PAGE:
VBSFCU wants to not only meet your expectations we want to exceed them. As part of our continuous effort to educate our members we would like a chance to discuss what a credit score is and how it affects you. Your credit score appears on your credit report and this relates to the rate you qualify for at the credit union. This score can approximately range from 380 – 830 (the higher the better). Your credit score is derived of five basic items:
35% – payment history
30% – capacity (capacity is revolving balances versus limits)
15% – length of credit
10% – accumulation of debt in the last 12-18 months (how fast are you adding new debt)
10% – mix of credit (installment debt versus revolving)

We would appreciate an opportunity to review your credit report, which may result in saving you money by lowering your payments and rates.

We will provide you with the tools to increase your credit score and a free copy of your credit report.

Important Tips on Rebuilding Your Credit

Bills are on everybody’s mind. Paying bills is an inevitable and sometimes unpleasant fact of life; however, not paying bills can create an even bigger problem.

If you are experiencing or have experienced significant difficulties paying your debts, you know that the situation is a personal catastrophe. Recovery in such circumstances may take years, but there are some steps you can take to ease the restoration of an acceptable credit rating.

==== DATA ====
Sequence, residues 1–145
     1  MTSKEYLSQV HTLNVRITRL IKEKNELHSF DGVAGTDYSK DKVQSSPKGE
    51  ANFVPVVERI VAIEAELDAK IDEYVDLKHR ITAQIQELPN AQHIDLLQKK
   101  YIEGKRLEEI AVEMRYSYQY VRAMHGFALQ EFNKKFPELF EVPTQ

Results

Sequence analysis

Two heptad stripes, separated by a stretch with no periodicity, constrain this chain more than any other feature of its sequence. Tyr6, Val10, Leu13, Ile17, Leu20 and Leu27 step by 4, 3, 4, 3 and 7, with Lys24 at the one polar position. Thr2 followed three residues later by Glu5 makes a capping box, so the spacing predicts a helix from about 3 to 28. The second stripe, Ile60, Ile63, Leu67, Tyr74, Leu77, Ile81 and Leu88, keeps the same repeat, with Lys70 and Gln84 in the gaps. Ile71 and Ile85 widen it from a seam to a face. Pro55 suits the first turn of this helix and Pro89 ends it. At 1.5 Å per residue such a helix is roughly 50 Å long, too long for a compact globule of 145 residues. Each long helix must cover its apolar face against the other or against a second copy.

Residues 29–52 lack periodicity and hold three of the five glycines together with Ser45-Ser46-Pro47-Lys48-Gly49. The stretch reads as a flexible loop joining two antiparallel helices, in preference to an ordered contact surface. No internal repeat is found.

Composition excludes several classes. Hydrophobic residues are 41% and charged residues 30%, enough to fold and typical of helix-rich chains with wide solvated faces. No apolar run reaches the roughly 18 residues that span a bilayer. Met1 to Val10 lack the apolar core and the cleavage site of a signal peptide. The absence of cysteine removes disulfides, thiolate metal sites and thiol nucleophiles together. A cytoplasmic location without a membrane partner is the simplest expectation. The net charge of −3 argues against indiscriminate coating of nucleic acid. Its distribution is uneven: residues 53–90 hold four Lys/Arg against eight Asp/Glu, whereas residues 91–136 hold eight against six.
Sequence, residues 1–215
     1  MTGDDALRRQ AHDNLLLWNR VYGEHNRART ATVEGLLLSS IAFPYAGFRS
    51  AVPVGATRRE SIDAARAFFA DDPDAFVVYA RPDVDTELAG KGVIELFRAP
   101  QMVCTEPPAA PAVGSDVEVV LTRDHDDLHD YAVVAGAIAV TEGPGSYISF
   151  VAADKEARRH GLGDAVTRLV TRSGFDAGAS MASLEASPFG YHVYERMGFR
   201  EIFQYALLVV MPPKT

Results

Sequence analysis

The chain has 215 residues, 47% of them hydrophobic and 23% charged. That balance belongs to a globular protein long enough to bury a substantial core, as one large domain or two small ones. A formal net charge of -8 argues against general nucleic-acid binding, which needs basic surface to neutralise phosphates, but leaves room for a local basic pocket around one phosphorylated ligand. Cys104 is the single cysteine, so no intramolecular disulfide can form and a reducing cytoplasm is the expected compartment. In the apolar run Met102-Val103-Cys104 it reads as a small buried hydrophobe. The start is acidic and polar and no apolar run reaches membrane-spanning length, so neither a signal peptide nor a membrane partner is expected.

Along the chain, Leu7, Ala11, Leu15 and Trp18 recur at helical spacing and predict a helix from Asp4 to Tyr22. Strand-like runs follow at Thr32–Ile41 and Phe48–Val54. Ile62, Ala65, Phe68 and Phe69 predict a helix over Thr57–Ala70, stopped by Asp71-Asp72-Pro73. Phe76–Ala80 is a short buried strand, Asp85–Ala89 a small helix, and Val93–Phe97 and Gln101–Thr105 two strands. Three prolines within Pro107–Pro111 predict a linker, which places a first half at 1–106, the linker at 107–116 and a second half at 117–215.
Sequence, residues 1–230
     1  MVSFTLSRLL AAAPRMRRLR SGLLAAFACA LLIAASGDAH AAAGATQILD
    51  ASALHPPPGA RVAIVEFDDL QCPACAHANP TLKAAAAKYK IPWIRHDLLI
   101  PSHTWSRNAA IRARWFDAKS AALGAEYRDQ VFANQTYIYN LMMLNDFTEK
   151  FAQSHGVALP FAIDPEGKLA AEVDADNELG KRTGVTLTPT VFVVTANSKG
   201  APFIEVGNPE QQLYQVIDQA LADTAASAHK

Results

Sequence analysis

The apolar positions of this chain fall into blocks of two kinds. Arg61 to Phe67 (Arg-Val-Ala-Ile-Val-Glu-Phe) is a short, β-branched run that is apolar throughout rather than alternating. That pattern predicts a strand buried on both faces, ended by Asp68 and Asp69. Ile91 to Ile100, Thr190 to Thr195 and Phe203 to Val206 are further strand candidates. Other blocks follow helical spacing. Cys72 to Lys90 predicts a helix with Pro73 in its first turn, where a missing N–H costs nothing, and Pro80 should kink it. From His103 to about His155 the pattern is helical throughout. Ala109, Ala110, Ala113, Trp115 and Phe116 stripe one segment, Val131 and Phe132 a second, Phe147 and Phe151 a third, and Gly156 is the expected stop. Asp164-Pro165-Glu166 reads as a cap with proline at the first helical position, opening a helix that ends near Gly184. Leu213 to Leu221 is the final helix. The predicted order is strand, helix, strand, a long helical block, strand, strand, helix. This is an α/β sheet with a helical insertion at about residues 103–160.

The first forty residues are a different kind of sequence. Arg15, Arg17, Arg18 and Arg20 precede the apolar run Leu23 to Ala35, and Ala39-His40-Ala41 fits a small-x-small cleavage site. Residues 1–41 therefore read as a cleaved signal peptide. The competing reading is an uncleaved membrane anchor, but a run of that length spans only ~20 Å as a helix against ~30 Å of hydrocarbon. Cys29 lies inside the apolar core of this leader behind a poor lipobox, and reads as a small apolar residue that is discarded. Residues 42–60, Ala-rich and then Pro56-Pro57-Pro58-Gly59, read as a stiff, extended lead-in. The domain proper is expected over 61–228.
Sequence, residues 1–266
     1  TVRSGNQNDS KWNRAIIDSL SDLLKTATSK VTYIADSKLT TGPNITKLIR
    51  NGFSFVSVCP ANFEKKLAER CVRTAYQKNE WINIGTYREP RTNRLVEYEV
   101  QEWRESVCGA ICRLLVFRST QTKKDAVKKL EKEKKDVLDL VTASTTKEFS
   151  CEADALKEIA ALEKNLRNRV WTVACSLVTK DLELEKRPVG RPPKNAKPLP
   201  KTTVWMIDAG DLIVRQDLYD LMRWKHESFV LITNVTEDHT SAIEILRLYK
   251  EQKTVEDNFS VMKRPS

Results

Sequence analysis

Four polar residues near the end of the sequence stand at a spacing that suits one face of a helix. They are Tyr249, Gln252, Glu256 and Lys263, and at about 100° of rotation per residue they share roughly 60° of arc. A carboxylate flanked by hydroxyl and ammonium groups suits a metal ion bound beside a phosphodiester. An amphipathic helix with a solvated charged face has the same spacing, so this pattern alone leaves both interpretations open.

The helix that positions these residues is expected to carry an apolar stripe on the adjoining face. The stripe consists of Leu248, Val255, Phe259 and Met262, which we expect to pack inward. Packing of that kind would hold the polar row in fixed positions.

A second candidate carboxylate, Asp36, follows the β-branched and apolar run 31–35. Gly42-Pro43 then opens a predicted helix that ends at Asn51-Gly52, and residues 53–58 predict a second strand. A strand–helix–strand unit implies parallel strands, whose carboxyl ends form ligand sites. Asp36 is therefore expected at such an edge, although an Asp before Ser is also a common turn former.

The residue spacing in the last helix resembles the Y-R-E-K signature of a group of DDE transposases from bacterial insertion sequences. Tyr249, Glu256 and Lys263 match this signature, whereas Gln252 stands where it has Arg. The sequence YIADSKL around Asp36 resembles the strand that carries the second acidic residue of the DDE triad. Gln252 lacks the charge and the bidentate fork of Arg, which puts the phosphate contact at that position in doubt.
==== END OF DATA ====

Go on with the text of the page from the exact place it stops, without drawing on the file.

1. Contact your creditors and your credit union. Be up-front about your problem and try to negotiate a payment schedule that is acceptable to you and your creditors. If you show a good-faith willingness to repay your debts, most of the time you will find companies willing to assist you.

2. Bankruptcy. Although declaring bankruptcy may be unavoidable under certain circumstances – catastrophic illness or medical expenses, for example – it should be your last resort. Ultimately, declaring bankruptcy can slow credit rebuilding much more than slowly paying off bills. And, bankruptcy remains on your credit report for 10 years and is a court action that remains on public records forever.

3. Secured loans and credit cards. One way to rebuild credit following a period of bill-paying problems is a secured loan or a credit card. “Secured” simply means that your savings are being held in a special account as collateral for the line of credit. This money will be returned to you once the debt is paid or the credit card account is closed. This process allows you to demonstrate that you have recovered from your credit problems and can be trusted to pay your bills. Also, good repayment performance may mean increases in the future.

4. Your credit report. Credit bureaus must provide you a copy of your credit report at any time for a nominal fee. You have the right to challenge any and all data in the report you feel may be in error. Ask your credit union about the steps you can take to correct the information and for the contact information for the credit bureau’s) they use.
The Three Credit Bureau’s are:
Equifax – www.equifax.com
TransUnion – www.tuc.com
Experian – www.experian.com

Protect yourself by reviewing your credit report at least once a year. Please read “Take Control and Protect Yourself from identity Theft” (this is a PDF) for more information.